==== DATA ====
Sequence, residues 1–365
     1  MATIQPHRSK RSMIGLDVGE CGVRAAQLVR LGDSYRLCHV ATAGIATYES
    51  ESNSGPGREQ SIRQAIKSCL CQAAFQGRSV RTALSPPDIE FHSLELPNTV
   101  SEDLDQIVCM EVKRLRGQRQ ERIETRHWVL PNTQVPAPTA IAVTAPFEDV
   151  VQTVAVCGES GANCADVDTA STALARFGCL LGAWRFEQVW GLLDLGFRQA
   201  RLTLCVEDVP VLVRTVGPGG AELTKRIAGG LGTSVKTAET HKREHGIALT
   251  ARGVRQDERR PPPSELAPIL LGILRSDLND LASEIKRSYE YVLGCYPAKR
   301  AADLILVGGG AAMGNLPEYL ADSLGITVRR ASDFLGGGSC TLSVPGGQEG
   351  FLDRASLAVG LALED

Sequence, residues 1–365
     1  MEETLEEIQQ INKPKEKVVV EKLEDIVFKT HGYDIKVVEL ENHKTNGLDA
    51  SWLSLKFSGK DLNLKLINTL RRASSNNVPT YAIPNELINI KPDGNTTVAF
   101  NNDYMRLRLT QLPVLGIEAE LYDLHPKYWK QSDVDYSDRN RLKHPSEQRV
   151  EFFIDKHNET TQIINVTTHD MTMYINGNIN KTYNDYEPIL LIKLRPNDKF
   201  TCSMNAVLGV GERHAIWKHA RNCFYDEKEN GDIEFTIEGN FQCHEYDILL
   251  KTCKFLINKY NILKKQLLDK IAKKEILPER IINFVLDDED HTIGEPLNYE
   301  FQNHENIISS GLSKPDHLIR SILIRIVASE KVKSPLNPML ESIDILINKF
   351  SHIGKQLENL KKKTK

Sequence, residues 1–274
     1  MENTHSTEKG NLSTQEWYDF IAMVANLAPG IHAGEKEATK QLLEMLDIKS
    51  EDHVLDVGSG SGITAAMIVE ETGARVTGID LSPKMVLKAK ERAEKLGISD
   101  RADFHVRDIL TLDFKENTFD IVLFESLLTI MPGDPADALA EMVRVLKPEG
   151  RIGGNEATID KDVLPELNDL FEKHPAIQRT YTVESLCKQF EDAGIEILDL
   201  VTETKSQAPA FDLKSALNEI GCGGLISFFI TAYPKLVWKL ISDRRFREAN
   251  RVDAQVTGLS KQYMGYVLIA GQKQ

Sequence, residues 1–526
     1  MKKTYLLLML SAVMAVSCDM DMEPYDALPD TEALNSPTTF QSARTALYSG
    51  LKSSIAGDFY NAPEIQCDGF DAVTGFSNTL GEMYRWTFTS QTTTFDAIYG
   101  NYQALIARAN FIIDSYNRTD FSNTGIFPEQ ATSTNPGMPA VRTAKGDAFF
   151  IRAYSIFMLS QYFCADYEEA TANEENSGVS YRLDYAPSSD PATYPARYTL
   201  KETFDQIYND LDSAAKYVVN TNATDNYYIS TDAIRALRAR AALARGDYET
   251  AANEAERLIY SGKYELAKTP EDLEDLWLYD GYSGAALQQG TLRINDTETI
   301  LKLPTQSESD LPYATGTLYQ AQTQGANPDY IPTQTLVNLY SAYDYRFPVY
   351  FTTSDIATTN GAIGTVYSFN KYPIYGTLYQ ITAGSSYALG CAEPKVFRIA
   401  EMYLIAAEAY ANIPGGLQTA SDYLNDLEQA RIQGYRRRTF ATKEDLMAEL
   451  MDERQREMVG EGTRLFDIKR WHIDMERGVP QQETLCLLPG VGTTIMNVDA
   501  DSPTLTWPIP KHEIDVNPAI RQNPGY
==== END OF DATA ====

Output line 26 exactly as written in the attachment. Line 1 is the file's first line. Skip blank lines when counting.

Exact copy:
Sequence, residues 1–526